It was a very near miss one August afternoon in 1999 near Worthington in southern Minnesota. I remember it vividly because it was such a close brush with serious injury or death. I was behind the wheel of my 1986 VW Quantum Syncro station wagon.
The fuel gauge read close to empty so I decided to exit the freeway to find a gasoline station. As the car approached the exit ramp, I canceled the cruise control and began braking. I down-shifted to fourth then third gear and released the clutch to take advantage of engine braking. However, the cruise control re-engaged on the tight curve resulting in the car sharply accelerating. I felt the car begin to lean, so I instinctively depressed the clutch pedal. The engine revved almost to red-lining, then dropped to idle speed.
The quick succession of events distracted my full attention from the off-ramp traffic. My station wagon narrowly missed colliding with a delivery truck. I switched the cruise control off and continued driving to a gasoline station for refueling. It took quite awhile to recover my composure before continuing the journey back home to Nebraska.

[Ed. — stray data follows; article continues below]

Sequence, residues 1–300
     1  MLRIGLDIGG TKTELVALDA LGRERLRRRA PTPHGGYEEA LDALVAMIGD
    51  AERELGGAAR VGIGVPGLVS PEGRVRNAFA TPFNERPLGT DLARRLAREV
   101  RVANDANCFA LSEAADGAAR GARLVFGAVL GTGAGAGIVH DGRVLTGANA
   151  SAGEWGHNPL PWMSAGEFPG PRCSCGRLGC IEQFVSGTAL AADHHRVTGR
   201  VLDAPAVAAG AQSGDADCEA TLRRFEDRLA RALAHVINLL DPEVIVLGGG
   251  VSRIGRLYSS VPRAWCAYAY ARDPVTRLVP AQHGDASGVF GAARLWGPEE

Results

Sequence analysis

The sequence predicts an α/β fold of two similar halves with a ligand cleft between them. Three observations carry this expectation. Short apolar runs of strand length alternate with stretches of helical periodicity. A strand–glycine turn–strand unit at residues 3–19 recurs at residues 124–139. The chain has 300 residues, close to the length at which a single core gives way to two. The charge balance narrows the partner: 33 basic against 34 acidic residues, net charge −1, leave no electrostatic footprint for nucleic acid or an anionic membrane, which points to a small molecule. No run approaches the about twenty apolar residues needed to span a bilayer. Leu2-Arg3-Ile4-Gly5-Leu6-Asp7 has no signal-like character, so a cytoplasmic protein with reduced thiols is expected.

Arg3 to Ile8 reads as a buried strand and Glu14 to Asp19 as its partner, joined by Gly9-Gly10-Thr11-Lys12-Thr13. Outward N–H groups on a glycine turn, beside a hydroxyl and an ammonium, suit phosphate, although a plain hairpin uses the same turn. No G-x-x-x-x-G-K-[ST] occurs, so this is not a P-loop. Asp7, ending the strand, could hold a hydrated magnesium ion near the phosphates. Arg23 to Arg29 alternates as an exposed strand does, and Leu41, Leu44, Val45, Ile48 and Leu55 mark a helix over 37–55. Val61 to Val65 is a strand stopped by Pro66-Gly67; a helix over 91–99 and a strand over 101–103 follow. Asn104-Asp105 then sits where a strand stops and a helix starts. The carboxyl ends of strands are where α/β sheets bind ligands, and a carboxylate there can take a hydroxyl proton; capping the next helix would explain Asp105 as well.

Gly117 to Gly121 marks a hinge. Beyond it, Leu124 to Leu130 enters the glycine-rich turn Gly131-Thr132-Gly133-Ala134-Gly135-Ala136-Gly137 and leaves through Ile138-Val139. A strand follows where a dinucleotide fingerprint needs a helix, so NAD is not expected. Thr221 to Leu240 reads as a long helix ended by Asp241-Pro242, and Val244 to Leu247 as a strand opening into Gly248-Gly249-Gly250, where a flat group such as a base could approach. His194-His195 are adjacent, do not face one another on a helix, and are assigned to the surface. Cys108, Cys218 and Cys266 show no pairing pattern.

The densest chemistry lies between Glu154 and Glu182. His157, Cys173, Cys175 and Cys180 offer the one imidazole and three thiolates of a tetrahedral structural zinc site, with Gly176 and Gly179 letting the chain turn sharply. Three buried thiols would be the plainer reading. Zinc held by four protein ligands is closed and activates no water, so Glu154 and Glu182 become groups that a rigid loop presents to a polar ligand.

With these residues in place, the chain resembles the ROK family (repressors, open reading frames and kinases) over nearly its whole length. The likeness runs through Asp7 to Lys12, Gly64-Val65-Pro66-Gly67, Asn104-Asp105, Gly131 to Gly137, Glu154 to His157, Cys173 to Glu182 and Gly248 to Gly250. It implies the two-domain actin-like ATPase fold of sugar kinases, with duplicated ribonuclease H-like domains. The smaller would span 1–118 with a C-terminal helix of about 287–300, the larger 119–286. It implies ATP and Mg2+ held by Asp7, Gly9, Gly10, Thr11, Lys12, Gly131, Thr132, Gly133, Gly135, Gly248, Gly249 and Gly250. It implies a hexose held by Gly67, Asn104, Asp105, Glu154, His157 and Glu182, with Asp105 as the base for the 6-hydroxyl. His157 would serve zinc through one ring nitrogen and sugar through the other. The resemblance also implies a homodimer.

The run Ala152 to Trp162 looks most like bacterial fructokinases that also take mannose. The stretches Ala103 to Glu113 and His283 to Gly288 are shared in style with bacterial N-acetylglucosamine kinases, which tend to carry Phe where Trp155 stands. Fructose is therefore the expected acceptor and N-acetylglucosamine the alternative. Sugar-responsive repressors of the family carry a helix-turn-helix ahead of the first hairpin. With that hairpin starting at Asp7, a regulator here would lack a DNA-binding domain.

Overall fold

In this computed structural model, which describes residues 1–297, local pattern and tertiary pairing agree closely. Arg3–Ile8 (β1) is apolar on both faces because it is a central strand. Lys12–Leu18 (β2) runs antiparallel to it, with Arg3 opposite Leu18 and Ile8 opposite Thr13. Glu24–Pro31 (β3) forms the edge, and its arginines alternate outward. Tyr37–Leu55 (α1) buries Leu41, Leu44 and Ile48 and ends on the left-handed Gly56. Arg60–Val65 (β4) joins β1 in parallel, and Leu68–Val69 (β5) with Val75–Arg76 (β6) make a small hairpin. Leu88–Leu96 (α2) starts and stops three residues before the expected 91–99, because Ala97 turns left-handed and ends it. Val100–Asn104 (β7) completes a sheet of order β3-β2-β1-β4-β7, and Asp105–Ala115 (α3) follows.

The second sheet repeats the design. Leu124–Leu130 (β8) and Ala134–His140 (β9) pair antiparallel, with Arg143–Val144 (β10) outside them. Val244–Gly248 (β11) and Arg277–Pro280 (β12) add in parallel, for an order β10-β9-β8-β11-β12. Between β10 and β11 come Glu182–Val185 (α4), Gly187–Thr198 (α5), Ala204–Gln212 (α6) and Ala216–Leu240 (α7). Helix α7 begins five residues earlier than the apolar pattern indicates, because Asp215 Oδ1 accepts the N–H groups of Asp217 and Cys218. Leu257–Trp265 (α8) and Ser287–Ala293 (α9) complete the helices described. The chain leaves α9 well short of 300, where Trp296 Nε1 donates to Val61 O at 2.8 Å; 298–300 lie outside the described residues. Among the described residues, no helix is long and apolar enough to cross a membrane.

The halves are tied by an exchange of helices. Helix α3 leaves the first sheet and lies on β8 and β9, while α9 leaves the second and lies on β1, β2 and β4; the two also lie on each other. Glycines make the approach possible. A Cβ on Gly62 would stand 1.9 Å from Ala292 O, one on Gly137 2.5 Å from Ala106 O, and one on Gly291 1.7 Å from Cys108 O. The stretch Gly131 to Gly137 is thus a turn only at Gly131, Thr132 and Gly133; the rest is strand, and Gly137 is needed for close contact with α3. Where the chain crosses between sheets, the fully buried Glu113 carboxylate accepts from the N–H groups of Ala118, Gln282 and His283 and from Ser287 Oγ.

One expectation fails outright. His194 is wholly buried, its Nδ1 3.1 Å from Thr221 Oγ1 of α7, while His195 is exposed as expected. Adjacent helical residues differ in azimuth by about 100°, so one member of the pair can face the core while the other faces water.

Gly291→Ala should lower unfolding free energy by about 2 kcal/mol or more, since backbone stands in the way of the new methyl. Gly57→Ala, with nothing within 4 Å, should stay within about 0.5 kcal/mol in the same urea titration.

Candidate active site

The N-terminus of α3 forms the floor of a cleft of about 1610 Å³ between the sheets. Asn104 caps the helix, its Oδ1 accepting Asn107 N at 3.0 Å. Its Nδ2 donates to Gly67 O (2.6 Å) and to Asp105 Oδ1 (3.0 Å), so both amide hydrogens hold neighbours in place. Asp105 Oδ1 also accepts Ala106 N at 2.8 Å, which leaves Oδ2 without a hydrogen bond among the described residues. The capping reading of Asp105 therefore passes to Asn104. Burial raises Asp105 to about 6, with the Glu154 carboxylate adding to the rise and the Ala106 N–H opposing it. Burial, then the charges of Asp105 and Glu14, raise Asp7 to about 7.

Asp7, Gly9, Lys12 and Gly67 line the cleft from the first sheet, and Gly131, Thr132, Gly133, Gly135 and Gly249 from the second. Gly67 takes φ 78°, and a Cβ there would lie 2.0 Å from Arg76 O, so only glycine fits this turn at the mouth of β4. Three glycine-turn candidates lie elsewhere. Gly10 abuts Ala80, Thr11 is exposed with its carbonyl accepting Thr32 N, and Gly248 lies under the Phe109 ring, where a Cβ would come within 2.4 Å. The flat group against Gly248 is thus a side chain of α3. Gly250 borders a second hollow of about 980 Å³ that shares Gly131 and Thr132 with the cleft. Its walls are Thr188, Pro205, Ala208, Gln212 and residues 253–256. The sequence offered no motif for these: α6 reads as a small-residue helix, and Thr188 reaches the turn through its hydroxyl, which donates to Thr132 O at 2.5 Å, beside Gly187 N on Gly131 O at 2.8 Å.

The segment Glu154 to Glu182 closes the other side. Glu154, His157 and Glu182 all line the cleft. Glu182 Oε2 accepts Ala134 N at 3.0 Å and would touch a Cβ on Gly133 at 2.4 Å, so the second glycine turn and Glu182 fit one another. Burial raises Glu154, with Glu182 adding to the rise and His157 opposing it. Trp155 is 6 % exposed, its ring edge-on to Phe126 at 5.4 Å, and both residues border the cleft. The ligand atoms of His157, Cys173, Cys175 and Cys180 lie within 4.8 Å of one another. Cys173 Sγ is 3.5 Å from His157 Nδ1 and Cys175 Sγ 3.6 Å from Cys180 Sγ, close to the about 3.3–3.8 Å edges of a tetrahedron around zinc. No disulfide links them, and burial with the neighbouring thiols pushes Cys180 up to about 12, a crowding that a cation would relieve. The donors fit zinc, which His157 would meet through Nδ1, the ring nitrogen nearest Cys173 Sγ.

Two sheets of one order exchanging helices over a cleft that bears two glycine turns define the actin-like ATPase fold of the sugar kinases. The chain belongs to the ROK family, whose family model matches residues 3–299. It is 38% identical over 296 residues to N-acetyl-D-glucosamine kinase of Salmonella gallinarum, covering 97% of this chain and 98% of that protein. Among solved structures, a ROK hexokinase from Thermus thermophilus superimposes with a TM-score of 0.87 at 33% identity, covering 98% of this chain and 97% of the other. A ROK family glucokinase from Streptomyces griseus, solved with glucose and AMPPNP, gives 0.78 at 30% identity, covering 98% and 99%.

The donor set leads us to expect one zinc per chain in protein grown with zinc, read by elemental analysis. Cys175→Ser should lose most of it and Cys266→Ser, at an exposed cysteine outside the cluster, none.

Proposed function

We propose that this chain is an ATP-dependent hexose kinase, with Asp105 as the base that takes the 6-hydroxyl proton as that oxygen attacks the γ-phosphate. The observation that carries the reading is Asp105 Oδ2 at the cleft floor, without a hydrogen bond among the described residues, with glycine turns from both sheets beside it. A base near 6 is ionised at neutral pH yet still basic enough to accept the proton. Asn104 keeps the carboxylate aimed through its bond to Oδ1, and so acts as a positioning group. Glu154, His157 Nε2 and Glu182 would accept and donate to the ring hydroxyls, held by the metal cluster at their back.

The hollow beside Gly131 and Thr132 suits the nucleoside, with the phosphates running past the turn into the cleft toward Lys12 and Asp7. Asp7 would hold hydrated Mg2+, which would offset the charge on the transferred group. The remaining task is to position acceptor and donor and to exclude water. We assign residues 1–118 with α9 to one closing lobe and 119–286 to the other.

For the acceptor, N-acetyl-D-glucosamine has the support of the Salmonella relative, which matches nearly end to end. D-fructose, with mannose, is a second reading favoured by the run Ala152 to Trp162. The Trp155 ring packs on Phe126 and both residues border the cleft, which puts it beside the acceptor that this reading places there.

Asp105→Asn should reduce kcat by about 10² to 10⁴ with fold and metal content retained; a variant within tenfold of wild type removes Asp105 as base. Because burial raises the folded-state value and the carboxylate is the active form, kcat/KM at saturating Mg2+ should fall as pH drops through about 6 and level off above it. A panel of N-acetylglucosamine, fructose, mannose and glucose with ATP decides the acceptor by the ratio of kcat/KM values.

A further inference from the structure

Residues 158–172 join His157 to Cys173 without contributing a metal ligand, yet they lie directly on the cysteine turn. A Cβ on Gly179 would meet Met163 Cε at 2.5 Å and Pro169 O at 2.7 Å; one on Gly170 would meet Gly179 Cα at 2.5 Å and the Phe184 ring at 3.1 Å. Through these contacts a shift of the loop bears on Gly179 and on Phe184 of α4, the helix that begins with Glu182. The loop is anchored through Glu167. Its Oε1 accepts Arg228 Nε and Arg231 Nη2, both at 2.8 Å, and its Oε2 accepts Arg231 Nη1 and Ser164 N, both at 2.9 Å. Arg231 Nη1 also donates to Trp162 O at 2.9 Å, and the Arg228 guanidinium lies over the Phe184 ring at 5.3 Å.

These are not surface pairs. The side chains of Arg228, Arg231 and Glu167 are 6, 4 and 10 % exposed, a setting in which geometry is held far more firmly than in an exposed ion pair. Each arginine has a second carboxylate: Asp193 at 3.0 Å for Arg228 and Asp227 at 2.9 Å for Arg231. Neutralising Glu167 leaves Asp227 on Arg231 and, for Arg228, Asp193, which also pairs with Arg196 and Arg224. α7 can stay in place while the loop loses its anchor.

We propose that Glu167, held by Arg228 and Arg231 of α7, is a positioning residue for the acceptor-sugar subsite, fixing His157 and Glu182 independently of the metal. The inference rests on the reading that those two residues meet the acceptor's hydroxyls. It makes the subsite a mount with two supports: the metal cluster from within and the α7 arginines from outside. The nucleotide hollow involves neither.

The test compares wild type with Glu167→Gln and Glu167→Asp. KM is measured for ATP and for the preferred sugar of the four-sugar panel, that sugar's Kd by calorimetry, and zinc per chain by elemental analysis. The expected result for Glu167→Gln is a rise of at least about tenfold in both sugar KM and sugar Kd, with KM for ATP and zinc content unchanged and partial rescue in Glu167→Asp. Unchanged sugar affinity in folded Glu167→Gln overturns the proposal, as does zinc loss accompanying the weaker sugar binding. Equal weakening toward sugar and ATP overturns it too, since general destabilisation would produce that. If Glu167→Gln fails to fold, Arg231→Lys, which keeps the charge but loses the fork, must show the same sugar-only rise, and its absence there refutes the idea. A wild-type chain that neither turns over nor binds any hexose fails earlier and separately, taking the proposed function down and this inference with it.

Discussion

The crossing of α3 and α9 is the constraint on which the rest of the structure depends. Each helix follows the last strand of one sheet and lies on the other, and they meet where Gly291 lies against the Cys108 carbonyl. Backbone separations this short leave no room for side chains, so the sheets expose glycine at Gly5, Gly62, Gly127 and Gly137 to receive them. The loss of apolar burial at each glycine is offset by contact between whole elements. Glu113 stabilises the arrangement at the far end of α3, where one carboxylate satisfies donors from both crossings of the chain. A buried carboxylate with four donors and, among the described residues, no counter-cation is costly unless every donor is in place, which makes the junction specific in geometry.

This incident came to mind early this morning because it recurred in a nightmare during sleep. In the dream scenario, I did collide with the delivery truck. At the point of impact I awakened in horror. This is especially noteworthy, because I rarely experience nightmares. The level of fear was more intense than the actual close-call in 1999.
Our lives are a gamble. We have close calls. People are injured or killed in accidents in motor vehicles, airplanes, or simply walking across streets. Many accidents happen within the sanctuary of home. If we survive, we brush ourselves off and resume our lives.
After serious accidents, there is often psychological trauma. At the very least, there is the realization that accidents don’t only happen to someone else. In the best case, accidents cause us to be more mindful as we go about our day to day existence.
In the aftermath, perhaps we become a little wiser and express more gratitude for what we have and for being alive. I hope you remain safe and sound today.
The Blue Jay of Happiness quotes drag queen, media personality, and recording artist, Aquaria (Giovanni Palandrani). “Accidents happen and all of that, but it’s how we pick ourselves up from the accidents that matters.”